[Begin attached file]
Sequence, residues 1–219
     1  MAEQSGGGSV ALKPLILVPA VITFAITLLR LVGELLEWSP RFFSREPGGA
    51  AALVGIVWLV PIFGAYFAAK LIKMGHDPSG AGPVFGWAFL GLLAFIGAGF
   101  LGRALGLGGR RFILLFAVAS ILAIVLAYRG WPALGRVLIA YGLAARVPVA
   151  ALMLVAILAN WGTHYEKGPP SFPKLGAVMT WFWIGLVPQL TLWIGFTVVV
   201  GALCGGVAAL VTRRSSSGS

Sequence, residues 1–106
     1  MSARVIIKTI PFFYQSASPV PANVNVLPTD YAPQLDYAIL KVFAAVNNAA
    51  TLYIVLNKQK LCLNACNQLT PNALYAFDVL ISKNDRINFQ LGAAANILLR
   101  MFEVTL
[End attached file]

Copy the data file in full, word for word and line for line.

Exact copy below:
Sequence, residues 1–219
     1  MAEQSGGGSV ALKPLILVPA VITFAITLLR LVGELLEWSP RFFSREPGGA
    51  AALVGIVWLV PIFGAYFAAK LIKMGHDPSG AGPVFGWAFL GLLAFIGAGF
   101  LGRALGLGGR RFILLFAVAS ILAIVLAYRG WPALGRVLIA YGLAARVPVA
   151  ALMLVAILAN WGTHYEKGPP SFPKLGAVMT WFWIGLVPQL TLWIGFTVVV
   201  GALCGGVAAL VTRRSSSGS

Sequence, residues 1–106
     1  MSARVIIKTI PFFYQSASPV PANVNVLPTD YAPQLDYAIL KVFAAVNNAA
    51  TLYIVLNKQK LCLNACNQLT PNALYAFDVL ISKNDRINFQ LGAAANILLR
   101  MFEVTL